Yet unconscious though Dean had lain all the way, as they resumed their journey without him, she felt a sudden sense of dread at being alone in the car with Frederic Hoff. It was not that she longer feared he would endeavor to make her tell her reasons for the expedition. She was afraid that with just the two of them alone in the car he might seize the opportunity to declare his affection for her.
But, to her amazement, he hardly spoke a word to her on all the rest of the journey homeward. Once in a while as she ventured a glance in his direction, annoyed a little perhaps by this neglect of her, she saw only a strong face set in lines of thought, his brow wrinkled in deep perplexity, and his blue eyes looking steadily at the road ahead--and at something far, far beyond.
Save for an occasional solicitous question about her comfort he did not speak again until just after he had put her in a taxi at the ferry. As Jane was trying to say her thanks he leaned forward unexpectedly, his tall frame blocking the whole doorway.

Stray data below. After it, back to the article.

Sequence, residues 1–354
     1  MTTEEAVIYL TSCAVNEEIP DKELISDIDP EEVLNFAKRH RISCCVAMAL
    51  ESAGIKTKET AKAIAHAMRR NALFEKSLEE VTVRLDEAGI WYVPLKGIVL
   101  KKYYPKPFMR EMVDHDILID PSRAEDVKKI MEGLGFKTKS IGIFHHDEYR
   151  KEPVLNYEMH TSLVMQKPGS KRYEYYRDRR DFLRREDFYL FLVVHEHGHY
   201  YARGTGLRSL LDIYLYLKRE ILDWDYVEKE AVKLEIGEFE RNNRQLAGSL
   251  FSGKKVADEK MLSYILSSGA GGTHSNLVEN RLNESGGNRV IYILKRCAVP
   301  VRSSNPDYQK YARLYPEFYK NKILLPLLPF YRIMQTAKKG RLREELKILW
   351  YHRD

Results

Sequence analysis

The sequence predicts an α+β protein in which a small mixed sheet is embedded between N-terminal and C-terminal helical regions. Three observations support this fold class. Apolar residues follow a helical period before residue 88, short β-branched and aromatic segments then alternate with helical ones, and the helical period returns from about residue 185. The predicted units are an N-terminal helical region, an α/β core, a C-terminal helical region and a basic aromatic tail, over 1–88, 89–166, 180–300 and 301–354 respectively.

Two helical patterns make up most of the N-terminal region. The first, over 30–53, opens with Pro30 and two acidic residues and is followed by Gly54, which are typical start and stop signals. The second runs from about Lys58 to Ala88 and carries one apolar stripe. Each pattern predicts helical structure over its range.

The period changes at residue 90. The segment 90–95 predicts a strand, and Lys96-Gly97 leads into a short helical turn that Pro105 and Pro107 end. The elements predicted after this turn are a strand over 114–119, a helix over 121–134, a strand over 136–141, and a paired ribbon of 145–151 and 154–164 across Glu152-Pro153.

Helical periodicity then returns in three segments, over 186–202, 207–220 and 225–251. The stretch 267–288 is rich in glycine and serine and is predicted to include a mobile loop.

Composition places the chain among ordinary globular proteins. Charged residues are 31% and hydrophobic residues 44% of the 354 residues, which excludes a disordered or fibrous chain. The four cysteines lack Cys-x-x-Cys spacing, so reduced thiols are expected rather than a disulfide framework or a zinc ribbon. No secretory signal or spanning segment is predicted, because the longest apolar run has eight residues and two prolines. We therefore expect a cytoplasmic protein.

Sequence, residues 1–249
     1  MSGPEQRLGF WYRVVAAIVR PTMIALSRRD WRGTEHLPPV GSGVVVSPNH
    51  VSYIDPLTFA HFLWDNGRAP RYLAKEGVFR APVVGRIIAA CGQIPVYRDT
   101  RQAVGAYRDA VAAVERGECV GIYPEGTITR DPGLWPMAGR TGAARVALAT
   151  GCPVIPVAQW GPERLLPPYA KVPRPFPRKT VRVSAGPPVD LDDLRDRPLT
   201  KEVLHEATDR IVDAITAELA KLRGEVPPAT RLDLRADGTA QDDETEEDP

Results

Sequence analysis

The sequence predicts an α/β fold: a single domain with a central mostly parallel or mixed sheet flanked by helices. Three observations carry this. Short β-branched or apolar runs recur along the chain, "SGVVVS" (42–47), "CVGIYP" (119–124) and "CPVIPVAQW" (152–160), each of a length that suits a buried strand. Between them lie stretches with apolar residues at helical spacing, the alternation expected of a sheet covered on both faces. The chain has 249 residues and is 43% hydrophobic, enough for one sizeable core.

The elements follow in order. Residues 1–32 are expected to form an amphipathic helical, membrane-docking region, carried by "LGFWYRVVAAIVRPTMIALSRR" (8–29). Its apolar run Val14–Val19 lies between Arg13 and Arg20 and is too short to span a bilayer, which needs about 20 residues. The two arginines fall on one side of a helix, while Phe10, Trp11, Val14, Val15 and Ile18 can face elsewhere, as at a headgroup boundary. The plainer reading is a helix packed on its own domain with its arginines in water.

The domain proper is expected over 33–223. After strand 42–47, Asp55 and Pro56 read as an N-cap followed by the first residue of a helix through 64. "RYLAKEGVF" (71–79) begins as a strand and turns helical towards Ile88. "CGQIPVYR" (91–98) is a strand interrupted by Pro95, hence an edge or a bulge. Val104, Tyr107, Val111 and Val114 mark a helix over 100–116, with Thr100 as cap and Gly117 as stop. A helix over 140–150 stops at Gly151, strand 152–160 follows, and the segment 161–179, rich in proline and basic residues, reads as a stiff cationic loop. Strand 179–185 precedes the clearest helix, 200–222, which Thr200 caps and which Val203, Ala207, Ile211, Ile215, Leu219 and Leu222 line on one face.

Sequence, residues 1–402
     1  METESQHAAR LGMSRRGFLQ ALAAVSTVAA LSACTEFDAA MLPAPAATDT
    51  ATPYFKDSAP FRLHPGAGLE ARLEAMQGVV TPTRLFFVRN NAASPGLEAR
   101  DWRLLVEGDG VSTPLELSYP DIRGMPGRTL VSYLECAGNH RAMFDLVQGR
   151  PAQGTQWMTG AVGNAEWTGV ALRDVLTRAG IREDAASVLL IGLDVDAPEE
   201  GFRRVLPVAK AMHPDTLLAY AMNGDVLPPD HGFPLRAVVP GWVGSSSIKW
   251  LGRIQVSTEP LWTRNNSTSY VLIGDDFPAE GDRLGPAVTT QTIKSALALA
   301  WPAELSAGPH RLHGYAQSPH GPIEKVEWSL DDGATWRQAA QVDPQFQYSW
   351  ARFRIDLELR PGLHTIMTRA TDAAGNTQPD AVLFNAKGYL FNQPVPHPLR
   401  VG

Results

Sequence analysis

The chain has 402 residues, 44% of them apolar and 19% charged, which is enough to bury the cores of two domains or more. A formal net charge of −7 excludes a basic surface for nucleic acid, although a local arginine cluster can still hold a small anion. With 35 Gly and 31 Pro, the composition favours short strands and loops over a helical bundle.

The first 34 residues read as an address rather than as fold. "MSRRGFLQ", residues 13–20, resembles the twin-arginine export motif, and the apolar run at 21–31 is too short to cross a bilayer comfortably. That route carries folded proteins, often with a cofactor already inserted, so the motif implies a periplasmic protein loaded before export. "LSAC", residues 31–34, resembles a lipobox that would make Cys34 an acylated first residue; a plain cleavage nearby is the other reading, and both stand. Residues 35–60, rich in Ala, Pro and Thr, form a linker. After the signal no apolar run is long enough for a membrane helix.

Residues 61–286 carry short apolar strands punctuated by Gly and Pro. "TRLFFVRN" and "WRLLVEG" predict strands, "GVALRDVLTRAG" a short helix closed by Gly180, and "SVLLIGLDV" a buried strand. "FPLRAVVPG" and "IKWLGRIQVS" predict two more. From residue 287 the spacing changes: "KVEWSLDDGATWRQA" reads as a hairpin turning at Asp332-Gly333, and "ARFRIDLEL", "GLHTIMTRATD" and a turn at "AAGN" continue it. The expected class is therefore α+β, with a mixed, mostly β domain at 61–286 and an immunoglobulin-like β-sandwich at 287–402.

"Jane," he said, his voice vibrant with emotion, "Jane, you must trust me. Everything must come out all right. Some day--some day soon when we have won--I am coming to find you and tell you that I love you."
"When we have won!" Jane shuddered and drew back in the car, aflame with sudden wrath.
She had read and had heard often of the unspeakable conceit of the Prussians. She knew that they regarded themselves as supermen who could not be defeated. Her challenged American pride rose to battle. As she rode home she was sure now that more than she hated anything else in the world she hated Frederic Hoff, the spy, the German, who had dared to boast to her that they expected to win.